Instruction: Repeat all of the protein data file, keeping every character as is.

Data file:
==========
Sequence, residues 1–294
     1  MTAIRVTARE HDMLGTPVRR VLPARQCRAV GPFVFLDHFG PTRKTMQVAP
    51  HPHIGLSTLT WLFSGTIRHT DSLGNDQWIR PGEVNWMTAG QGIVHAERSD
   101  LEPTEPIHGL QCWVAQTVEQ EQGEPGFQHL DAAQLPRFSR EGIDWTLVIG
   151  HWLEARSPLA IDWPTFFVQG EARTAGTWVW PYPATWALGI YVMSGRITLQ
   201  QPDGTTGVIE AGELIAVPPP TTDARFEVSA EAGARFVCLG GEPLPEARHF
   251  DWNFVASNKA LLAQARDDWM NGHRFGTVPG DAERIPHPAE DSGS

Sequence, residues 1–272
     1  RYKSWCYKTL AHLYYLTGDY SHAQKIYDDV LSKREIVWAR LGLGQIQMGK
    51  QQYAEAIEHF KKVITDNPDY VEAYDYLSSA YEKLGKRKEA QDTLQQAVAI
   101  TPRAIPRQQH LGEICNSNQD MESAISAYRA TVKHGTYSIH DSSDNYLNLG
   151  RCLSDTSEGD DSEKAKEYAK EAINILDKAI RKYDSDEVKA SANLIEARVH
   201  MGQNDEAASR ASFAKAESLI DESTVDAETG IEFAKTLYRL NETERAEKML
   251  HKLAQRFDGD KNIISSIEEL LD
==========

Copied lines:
Sequence, residues 1–294
     1  MTAIRVTARE HDMLGTPVRR VLPARQCRAV GPFVFLDHFG PTRKTMQVAP
    51  HPHIGLSTLT WLFSGTIRHT DSLGNDQWIR PGEVNWMTAG QGIVHAERSD
   101  LEPTEPIHGL QCWVAQTVEQ EQGEPGFQHL DAAQLPRFSR EGIDWTLVIG
   151  HWLEARSPLA IDWPTFFVQG EARTAGTWVW PYPATWALGI YVMSGRITLQ
   201  QPDGTTGVIE AGELIAVPPP TTDARFEVSA EAGARFVCLG GEPLPEARHF
   251  DWNFVASNKA LLAQARDDWM NGHRFGTVPG DAERIPHPAE DSGS

Sequence, residues 1–272
     1  RYKSWCYKTL AHLYYLTGDY SHAQKIYDDV LSKREIVWAR LGLGQIQMGK
    51  QQYAEAIEHF KKVITDNPDY VEAYDYLSSA YEKLGKRKEA QDTLQQAVAI
   101  TPRAIPRQQH LGEICNSNQD MESAISAYRA TVKHGTYSIH DSSDNYLNLG
   151  RCLSDTSEGD DSEKAKEYAK EAINILDKAI RKYDSDEVKA SANLIEARVH
   201  MGQNDEAASR ASFAKAESLI DESTVDAETG IEFAKTLYRL NETERAEKML
   251  HKLAQRFDGD KNIISSIEEL LD